Felicia Gisondi had a narrow understanding of sexuality when she began university, which, according to Parents As First Educators’ Angela Braun, is not uncommon among youth. Photo courtesy Felicia Gisondi

Parents need to discuss sex ‘head on’

  • February 18, 2022

For Catholics and non-Catholics alike, many parents struggle to talk to their children about sex.

Unsure of when, why and how to tackle the subject, and perhaps having unanswered questions themselves, parents can feel disempowered to lead healthy, open dialogue. But avoiding the subject is not an option for Catholic parents, says Angela Braun, Niagara, Ont., regional director of Parents As First Educators (PAFE), a Catholic group supporting the authority of parents over the education of their children. It’s a topic she says Catholic parents need to face head on.

A mother of 10 ranging in age from 19 to 38, Braun understands it’s a delicate subject that requires parents to be attuned to their children’s developmental stages. Taking a holistic approach that includes not just biological but spiritual, religious, psychological, social and cultural factors is essential for healthy development.

Fears that they might not have the knowledge to answer questions that could arise holds a lot of parents back from engaging in meaningful conversation, suggests Braun. Taking advantage of the wealth of resources available through the Catholic Church is a first step in feeling more comfortable and equipped to lead the conversation. 

“It’s an insecurity, but it doesn’t need to be there because all the resources are there for parents,” said Braun. “Let’s throw away the fear and empower ourselves and empower our (children) to be confident in who God created them to be and to have healthy friendships. Help them to have a healthy body image not based on what Hollywood is saying but based on how God created them. Perhaps many parents don’t realize how important our influence is.”

This shows as a report published in the Canadian Journal of Human Sexuality in August 2021 that found undergraduate students aged 17 to 25 reported their sexual education overall (parents and in school) largely focused on topics such as negative health outcomes and physiology while social and emotional topics were less likely to be formally covered.

Felicia Gisondi had a very narrow understanding of sex and sexuality when she started at Montreal’s McGill University a few years ago. Raised Catholic, she says most of what she learned about sex was through her peer groups which she likens to “the blind leading the blind.” She was not directly informed at home about the emotional and psychological aspect of sex and like many young people didn’t have models of a healthy relationship. She entered the dating world naive with a distorted subconscious comfort zone in relationship.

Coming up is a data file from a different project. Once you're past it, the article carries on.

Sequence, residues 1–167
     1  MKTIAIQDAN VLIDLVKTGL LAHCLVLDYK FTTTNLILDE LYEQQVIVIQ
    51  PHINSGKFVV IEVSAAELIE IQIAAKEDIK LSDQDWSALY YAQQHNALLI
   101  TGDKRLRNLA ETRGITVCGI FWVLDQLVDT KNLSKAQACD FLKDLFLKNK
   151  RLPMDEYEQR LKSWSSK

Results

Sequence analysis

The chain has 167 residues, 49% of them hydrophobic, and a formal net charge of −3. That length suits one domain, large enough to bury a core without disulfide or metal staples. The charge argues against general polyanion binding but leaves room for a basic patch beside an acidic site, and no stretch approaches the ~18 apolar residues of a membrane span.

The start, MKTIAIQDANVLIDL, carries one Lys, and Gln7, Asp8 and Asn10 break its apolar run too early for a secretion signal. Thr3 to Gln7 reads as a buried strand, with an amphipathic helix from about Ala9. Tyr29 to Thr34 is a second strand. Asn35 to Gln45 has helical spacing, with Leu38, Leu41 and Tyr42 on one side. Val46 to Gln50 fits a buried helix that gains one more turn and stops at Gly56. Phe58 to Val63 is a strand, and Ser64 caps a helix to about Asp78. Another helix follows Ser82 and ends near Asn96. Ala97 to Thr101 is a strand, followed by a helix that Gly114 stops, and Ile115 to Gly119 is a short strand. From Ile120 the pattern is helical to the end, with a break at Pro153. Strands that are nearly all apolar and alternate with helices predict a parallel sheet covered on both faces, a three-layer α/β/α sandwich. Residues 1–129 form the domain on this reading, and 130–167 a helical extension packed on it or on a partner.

She learned “the hard way” when at 19 she began having unprotected sex with her university boyfriend who she wrongly assumed was being monogamous. She contracted bacterial vaginosis and consistently caught urinary tract infections and wasn’t sure why.

At the time she didn’t know how to communicate her boundaries, her values or how to engage in dialogue early in the dating phase to ensure she and her boyfriend were aligned in their beliefs and expectations.

“In the moment I didn’t even understand that it was super unsafe,” said the 22-year-old. “Even beyond just being sexually unsafe in that relationship, I was also very emotionally immature and incapable of communicating my desires and feelings to my partner. I kind of thought because I had this notion of traditional values of boy meets girl and falls in love and gets married that that’s what everyone else upheld but that’s not the case. Obviously, it was very naive of me, but it was also the most amazing learning experience.”

The residual impact of 19th-century teachings — which then saw sex, even within marriage, as morally tainted — continues to plague society, says Braun. Freudian theories that everything is about sex does another disservice. Parents need to get beyond this to lead healthy discussions on the subject.

The truth, she says, is grounded in Catholic teachings about the beauty and sacredness of sex and teaching about it needs to address the holistic needs of the individual as reflected through Scripture. Pope John Paul II’s Theology of the Body, a lecture series on human sexuality, Catholic philosopher Dr. Alice von Hildebrand’s book The Privilege of Being a Woman and books by Catholic apologist Trent Horn are just some of the materials that can begin to equip parents on the journey towards healthy open dialogue, said Braun.

“The pendulum swung between two extremes when it comes to sex, but truth is not found between two errors. Truth comes from above. If you look at the Theology of the Body, the truth and meaning of human sexuality is beautiful and teaching about it has to be integrated into the person. We can’t separate our sexuality from our emotional needs, psychological needs and spiritual needs.”

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